Audience enjoys works of respected poet Gunn

Adam Ptashkin

In his poem “Human Condition,” Thom Gunn wrote, “I am condemned to be an individual.” The line sums up one aspect of his poetry: It often examines the emotions of nonconformists.

Gunn spoke Thursday night in Harris Hall as part of his role as a writer-in-residence at Northwestern’s Center for Writing Arts.

Reading from his work, the 71-year-old poet touched on the highlights of counterculture in the United States, including the drug culture of the 1960s.

Gunn, who last spoke at NU in 1981, was born in Gravesend, England, and moved to San Francisco in 1954, where he lives now.

He has published more than 30 books and countless essays in the United States and Britain, with publication dates ranging from the 1950s to 2000. Last year, his “Boss Cupid” received critical acclaim.

Speaking Wednesday night, he described the experiences that have inspired him, from the 1965 “summer of love” in San Francisco and his own LSD usage to the Vietnam War.

A trip to the National Gallery of Art in Washington, D.C., inspired him to write “Painting by Vuillard,” one of the poems Gunn presented as he gave the audience a taste of the poetic phases of his career.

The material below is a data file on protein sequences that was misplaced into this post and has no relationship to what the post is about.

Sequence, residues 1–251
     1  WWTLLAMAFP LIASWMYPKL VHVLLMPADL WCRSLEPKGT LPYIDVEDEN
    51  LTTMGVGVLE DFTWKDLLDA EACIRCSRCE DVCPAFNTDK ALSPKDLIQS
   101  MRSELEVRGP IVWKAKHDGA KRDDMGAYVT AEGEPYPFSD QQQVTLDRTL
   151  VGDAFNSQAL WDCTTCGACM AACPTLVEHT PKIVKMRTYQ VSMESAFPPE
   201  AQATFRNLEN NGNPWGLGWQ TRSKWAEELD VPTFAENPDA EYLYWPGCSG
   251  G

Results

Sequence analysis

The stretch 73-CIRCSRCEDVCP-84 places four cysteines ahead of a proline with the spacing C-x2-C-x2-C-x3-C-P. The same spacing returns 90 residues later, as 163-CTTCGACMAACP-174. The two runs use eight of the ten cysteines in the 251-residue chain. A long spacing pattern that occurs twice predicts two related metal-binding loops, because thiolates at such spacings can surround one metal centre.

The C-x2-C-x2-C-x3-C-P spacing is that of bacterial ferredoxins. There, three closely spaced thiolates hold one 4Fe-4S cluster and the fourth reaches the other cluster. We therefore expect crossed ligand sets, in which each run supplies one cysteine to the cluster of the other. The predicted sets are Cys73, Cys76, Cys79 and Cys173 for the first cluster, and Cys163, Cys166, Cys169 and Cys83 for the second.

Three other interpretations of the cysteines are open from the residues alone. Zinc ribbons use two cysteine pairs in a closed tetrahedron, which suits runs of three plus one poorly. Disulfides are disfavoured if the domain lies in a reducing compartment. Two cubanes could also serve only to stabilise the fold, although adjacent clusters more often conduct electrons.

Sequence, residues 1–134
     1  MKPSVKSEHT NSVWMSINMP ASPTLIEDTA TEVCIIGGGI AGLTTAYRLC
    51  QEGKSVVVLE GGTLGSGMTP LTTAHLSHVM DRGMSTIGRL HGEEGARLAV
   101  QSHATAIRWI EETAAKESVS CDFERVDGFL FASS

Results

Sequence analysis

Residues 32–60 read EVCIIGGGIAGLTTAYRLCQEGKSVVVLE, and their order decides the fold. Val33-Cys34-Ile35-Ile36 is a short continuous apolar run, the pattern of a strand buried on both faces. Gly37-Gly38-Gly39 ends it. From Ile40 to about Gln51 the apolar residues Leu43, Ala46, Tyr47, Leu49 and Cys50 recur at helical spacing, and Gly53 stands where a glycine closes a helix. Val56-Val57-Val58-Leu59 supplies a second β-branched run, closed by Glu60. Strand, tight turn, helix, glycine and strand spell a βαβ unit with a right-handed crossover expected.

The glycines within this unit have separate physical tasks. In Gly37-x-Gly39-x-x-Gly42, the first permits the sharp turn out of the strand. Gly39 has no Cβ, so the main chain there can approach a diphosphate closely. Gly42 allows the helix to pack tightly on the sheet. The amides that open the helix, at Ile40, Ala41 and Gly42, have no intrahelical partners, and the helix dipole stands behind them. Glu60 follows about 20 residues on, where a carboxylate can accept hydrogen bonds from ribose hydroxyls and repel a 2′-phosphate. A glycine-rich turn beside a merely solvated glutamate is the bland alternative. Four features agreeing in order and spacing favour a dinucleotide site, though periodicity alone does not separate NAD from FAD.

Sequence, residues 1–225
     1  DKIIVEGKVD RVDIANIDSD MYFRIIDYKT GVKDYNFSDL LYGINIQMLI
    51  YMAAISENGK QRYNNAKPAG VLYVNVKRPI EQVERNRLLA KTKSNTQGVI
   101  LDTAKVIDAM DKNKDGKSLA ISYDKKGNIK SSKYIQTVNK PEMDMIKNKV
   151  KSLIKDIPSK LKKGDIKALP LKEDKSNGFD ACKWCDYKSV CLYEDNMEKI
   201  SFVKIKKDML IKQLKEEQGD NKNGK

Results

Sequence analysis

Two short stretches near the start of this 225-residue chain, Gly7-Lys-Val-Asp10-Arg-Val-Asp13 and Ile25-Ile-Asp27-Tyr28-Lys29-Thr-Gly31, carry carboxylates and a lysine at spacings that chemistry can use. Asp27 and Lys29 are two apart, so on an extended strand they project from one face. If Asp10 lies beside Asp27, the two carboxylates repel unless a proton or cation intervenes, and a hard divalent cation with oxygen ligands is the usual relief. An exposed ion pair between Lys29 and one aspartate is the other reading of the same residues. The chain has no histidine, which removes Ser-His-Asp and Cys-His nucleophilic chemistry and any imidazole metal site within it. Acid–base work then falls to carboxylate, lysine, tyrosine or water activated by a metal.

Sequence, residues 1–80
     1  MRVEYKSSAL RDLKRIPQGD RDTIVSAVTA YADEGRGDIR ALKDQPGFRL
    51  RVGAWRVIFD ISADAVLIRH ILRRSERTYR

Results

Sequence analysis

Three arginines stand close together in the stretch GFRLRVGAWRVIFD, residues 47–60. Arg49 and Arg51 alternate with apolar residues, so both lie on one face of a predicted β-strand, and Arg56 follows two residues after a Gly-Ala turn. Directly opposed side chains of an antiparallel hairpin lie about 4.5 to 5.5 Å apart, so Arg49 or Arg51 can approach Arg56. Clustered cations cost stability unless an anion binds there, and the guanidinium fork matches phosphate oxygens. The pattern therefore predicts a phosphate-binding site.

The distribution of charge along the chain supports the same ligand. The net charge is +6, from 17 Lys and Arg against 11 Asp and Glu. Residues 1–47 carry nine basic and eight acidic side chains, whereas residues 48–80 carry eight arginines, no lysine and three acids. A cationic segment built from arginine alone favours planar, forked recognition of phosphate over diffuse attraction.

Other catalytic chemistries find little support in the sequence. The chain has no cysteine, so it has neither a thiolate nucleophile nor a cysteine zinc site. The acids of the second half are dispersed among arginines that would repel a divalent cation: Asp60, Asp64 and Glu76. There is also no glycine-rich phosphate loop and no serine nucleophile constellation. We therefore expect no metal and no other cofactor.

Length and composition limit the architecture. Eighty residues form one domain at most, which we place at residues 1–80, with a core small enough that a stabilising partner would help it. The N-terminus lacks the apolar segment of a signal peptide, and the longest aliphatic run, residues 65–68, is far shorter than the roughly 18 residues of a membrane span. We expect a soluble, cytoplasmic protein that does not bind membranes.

In that poem, which is based on a painting of two old women, he writes that, “age is not simpler. Or less enjoyable, not dark … A young woman whose T-shirt bears the defiant word WHATEVER, and wrinkled folk with visored hats and cameras are vivid … as pungent and startling as good strong coffee tastes.”

After his own decades-long career, Gunn continues to work, write and teach. During his visit to NU, the Cambridge-educated poet and former University of California at Berkeley professor also will lecture a writing class on Friday and deliver a speech over the weekend.

Joshua Weiner, a visiting assistant professor of English, introduced Gunn.

“He’s important because as a young man he mastered traditional styles but later opened his work to new forms,” he said. “His body of works makes manifest the full range of formal adventures available in the forms of poetry.”

Based on his literary stature and ability to morph his poetic style over his career, Gunn is “great model for students,” Weiner said.

Students responded enthusiastically to Wednesday night’s reading by Gunn, a past winner of MacArthur and Guggenheim Fellowships and the Lila Wallace-Reader’s Digest Writer’s Award.

“I feel he made the reading real personal and casual. I really enjoyed the reading,” said Beatrice Holden, a Weinberg junior.

Speech junior Leigh Jansson said: “It’s neat to study someone in class and then hear a poet interpret his own work. You can’t get any more heartfelt than reading your own work.”

After his reading, Gunn said all 50 people in the audience were receptive.

“The audience was very bright and sympathetic and you really bounce off a sympathetic audience,” he said.